The Simple Answer for What to Grow in Your Summer Garden – Easy Growing Episode #14

07.03.17

What to Grow in Your Summer Garden – The Simple Answer

What to plant in your summer garden.

Using growing zones and frost dates to determine what to grow in your summer garden can be complicated to the hobbyist gardener. In reality, during the summer months in the U.S.A. you need just need to look at 1 thing to determine plant type – your average high temperature. (Other factors like shade and watering can be controlled for).

The simple answer to determine what you can and can’t grow in your summer garden is based on your average daily high temperature being above 80 degrees or below 80 degrees.

 

 

 

Transcript

Intro

On this episode I discuss a simple way to determine what you can grow in your garden during the summer.

Hi everyone, I’m Bryan Traficante from GardenInMinutes.com and this is Episode 14 of Easy Growing. On today’s episode, we’re discussing a simpler way to determine what you can and can’t grow in your garden during summer.

If you’re familiar with the typical way you go about determining what’s best in your area, normally you go through something known as growing zones and then from that determine when your first and last frost dates are and then also the preferred temperature of the plants you want to grow. It can get a little complicated and I’m assuming most you don’t want to be horticulturalists or large-scale farmers and things like that.

So, with the idea of just wanting to have a backyard garden and really kind of simplify the concept down so you don’t have to spend a lot of time researching, we’re more or less going to just divide up the country into two different classifications to determine what you can and what you can’t grow during the summer.

Summer of course is the hottest season of the year and we’re going to have a variety of temperatures as our maximum highs as you go across the country. What we’re going to want to do to determine what types of plants you can grow is determine what your typical average high temperature is during the summer and from there I explain the different types of plants you can grow.

Certain plants like leafy greens don’t do well in really high temperatures. So down here in South Florida, in the summertime growing things like spinach, kale, Swiss chard… they really don’t do well. They go through a process called bolting, which kind of ruins the flavor of the plant.

 

Summer High’s that Top Out Near 80

When you do live in the cooler part of the country. So, let’s say you have an average high temperature that doesn’t really get past 80 degrees, so you’re looking at a high of 80 and at night you get down to low 70s and 60s and maybe and 50s depending upon what part of the country are in. You’ll be able to grow the widest variety of plants such as leafy greens, you can do a lot of fruiting plants like tomato, regular potatoes, eggplant, things like that without problem.

 

Summer High’s That Go Above and Beyond 80

When you go into the other part of the country where we get into temperatures like right here we’re in the high 80s or low 90s or if you start getting up into the hundreds if you’re in Arizona, New Mexico, or western Texas you’re going to have a lot harder time growing the leafy plants than you are with the fruiting plants.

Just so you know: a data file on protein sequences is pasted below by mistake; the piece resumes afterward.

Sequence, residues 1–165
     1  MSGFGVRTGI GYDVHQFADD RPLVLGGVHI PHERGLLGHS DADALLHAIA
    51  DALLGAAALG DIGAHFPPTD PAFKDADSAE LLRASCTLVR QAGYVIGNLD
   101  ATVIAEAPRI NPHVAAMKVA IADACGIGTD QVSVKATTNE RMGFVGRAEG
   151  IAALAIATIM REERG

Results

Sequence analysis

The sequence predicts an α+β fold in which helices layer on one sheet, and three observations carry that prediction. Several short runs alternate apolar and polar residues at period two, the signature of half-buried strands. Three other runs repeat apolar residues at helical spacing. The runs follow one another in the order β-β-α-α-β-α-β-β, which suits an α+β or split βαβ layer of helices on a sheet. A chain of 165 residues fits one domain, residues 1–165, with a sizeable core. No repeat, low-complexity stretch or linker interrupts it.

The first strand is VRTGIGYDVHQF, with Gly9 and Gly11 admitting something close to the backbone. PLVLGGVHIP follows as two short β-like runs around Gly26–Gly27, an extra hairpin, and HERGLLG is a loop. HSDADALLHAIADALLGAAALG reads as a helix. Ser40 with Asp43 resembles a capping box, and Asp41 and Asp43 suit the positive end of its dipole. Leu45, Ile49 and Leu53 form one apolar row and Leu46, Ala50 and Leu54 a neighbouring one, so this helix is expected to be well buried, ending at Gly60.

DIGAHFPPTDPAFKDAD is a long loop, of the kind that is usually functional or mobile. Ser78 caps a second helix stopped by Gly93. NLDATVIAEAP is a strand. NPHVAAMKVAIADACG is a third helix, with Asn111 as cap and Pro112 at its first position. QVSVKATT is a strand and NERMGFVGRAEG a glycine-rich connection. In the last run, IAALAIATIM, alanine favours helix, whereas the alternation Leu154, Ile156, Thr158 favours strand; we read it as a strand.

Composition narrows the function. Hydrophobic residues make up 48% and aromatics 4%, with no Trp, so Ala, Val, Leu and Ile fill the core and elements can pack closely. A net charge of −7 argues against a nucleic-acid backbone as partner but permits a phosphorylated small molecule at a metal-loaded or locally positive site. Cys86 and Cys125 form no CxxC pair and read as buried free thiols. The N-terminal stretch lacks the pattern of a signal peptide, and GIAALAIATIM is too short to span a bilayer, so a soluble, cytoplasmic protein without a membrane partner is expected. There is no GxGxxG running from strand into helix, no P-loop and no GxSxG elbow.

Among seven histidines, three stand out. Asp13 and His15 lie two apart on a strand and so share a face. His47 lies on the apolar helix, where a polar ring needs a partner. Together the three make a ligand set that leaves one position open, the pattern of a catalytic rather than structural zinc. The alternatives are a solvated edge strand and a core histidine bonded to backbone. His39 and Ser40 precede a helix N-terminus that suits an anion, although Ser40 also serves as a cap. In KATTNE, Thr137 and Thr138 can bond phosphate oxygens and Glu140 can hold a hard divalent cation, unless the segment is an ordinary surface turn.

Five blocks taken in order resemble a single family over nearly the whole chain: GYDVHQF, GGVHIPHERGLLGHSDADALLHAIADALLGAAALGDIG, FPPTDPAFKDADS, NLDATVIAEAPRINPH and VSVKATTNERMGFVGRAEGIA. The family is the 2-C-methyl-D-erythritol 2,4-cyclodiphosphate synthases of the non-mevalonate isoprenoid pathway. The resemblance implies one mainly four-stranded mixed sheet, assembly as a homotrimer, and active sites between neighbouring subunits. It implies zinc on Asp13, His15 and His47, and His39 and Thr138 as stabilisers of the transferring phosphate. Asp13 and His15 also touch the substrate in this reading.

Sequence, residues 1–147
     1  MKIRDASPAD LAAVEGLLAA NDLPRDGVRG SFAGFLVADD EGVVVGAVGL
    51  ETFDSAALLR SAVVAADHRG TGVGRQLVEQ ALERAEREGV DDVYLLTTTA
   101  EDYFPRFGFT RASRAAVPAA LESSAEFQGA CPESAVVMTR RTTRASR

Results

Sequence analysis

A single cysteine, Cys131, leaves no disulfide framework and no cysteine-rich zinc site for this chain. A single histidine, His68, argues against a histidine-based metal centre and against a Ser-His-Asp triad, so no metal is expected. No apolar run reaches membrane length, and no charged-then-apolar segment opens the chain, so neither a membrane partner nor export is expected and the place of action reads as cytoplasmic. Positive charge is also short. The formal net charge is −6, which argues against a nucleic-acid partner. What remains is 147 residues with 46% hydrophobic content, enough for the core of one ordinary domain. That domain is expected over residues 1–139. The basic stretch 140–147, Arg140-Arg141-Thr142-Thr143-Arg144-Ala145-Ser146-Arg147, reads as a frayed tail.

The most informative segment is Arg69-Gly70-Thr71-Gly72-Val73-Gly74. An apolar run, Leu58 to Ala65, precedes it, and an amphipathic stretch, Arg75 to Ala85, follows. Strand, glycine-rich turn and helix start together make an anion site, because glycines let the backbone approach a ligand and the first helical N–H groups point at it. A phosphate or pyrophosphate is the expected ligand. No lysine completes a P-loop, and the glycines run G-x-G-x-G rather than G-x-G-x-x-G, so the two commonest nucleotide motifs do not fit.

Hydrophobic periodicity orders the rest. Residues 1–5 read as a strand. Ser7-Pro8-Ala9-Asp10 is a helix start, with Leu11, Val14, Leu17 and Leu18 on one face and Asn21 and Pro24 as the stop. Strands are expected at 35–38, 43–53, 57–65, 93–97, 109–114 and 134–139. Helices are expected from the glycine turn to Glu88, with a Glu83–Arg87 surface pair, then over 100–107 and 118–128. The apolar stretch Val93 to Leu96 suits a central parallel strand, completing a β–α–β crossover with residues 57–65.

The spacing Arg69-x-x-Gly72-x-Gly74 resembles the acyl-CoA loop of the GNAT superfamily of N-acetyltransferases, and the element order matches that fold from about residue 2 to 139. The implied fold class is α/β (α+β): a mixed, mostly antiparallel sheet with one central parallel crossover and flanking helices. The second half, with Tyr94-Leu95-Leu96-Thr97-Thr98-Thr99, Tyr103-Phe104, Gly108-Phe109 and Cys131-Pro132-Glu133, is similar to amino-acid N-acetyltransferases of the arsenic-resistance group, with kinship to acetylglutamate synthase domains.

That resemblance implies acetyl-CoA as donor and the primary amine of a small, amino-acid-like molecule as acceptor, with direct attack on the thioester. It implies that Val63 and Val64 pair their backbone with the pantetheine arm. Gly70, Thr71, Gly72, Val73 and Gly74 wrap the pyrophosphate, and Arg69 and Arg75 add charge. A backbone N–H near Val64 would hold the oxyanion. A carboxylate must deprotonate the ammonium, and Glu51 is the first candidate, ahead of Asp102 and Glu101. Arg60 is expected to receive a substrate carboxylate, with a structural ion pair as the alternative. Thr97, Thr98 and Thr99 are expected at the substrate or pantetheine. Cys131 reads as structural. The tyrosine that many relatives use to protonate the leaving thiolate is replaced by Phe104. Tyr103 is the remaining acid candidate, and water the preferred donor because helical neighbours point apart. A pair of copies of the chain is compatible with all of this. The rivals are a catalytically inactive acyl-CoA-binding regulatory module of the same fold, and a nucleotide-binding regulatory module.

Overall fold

So, if you have a really high, high during the most of your summer, stick towards a more fruiting style of vegetable to grow in your garden. Something like watermelon does excellent in really high temperature. Different heirloom tomatoes, something like peppers will grow well in both areas, but generally don’t want to get too cold for them.

 

Summer Vegetable Planting Overview

Overall the general idea is that if your temperatures don’t get too intense like it does down here in Florida or southeast or any kind of southern coastal state you can grow the widest range because your temperature is a little bit more mild. But, if you’re getting into the really high temperatures where you’re getting to the 90s, getting really balmy, you have a lot of really intense sunlight, stick more towards with fruiting vegetables because they’ll do better with the high temperatures.

There are a few things to look out for though during the summer months especially if you have really intense sunlight. There are things such as leaf wilt, scorching, bolting which I mentioned earlier. I’ll cover them in next week’s episode to get a little bit more in depth on that and how you can manage the different ailments you might get during the summer.

 

Key Take-Away

Other than that, the idea is if you’re in the more mild states you can stick to leafy vegetables, fruiting vegetables, stay away from the melons and things like that. If you’re in the hotter part of the climate stay away from your leafy greens go toward more fruiting vegetables, melons, cantaloupes, and plants like that.

Alright! That’s it for Episode 14. Thank you all so much for watching I’ll see you next time.

About the Author: Bryan Traficante

Urban gardener and co-founder of GardenInMinutes.com. While not writing for GardenInMinutes and other gardening publications, you'll often see him responding to your questions and comments on our Facebook, Pinterest, Twitter, and Instagram pages.